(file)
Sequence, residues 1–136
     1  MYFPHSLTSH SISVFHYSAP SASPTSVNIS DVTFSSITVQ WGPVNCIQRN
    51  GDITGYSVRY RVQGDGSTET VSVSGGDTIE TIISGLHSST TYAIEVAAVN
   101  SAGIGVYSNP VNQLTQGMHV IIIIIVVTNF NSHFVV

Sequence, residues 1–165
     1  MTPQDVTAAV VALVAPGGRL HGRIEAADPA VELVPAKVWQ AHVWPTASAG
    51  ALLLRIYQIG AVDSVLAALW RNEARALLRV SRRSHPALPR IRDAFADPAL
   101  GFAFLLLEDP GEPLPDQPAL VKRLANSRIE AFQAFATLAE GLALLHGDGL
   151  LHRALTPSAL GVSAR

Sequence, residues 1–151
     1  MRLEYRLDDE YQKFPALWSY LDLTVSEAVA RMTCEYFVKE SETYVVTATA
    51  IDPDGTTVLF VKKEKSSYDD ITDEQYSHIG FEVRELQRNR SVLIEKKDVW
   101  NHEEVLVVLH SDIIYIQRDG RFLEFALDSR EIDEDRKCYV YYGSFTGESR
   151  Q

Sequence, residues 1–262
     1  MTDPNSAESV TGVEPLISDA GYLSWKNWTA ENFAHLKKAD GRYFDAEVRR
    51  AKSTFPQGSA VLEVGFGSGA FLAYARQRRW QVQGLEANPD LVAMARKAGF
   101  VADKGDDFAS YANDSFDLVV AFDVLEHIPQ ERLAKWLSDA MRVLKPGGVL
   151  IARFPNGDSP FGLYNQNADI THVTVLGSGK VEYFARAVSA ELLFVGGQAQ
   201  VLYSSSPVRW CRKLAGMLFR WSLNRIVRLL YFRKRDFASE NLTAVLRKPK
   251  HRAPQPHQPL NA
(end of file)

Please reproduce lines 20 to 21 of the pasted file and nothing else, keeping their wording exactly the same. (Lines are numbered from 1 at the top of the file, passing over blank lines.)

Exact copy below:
   201  VLYSSSPVRW CRKLAGMLFR WSLNRIVRLL YFRKRDFASE NLTAVLRKPK
   251  HRAPQPHQPL NA